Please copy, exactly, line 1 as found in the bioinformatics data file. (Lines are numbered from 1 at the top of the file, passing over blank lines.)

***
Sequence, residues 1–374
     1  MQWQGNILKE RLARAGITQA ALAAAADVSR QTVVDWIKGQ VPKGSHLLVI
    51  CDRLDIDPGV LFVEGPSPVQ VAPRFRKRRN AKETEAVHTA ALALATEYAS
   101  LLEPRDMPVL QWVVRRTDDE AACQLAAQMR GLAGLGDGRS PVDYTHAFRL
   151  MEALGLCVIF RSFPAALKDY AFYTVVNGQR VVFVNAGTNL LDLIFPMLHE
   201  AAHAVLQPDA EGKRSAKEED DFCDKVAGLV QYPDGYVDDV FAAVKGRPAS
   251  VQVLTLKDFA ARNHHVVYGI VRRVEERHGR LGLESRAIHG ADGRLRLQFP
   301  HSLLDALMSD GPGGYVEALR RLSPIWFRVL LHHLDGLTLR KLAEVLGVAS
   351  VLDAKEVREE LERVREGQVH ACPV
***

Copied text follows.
Sequence, residues 1–374